You’ll need tasting glasses for each guest, one for each oil. Wine glasses or shot glasses work well, though professional tasters use small, lidded, dark glasses to conceal the oils’ color and concentrate their aromas. Offer water (sparkling and still) and, if desired, slices of green apple to clear the palate between tastes.
Pour a small amount of oil into a glass. Cover the top with one hand, and swirl the oil with the other to warm and aerate the oil. Next, remove your hand and immediately bring the oil right up to your nose. Inhale deeply. Record or articulate your impressions. Does the oil smell fruity? Vegetal? Herby or grassy? These are common descriptors.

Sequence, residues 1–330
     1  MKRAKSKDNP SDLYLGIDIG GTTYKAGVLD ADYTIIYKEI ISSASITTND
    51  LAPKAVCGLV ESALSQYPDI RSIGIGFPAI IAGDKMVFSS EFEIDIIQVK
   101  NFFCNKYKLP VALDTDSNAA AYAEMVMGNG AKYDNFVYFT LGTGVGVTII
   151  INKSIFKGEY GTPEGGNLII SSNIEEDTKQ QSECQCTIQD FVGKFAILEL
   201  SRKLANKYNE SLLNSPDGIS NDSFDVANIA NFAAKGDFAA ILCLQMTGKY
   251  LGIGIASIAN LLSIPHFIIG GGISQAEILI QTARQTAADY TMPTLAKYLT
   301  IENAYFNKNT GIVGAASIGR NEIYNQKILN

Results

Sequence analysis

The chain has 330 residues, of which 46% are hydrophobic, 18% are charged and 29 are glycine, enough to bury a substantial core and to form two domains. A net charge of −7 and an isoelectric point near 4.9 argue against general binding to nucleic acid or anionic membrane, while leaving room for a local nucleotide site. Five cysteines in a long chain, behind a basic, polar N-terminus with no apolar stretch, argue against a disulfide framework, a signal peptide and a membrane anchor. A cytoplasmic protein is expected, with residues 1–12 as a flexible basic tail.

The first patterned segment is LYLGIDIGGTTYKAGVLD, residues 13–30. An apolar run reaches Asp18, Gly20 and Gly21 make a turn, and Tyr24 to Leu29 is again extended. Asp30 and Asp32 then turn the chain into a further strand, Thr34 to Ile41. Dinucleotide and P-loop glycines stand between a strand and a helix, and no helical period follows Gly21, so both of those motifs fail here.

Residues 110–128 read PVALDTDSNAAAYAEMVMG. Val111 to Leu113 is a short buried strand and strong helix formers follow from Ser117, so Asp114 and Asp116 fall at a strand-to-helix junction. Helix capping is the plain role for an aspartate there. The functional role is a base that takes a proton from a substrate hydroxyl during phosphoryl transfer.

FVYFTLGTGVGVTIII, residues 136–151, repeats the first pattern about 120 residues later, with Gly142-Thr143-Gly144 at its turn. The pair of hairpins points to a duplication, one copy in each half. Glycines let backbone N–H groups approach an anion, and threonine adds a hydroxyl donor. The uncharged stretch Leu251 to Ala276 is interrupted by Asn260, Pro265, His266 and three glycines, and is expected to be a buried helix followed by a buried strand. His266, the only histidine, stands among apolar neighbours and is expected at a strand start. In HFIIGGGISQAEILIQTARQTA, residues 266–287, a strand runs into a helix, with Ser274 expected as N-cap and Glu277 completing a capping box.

Taste the oil. Does it have a pleasant viscosity, or is it heavy and mouth-coating? What flavors do you discern?
Does the oil seem well-balanced, or is it bitter or astringent? Is a peppery pinch evident on the finish? Do the flavors linger in your mouth, or is the finish short? Most importantly, do you like the oil?
To continue the tasting, offer the oils again with a variety of foods such as bread, cheese, meat, potatoes, and vegetables to illustrate the effect they have on the oils, or incorporate the oils into your dinner menu.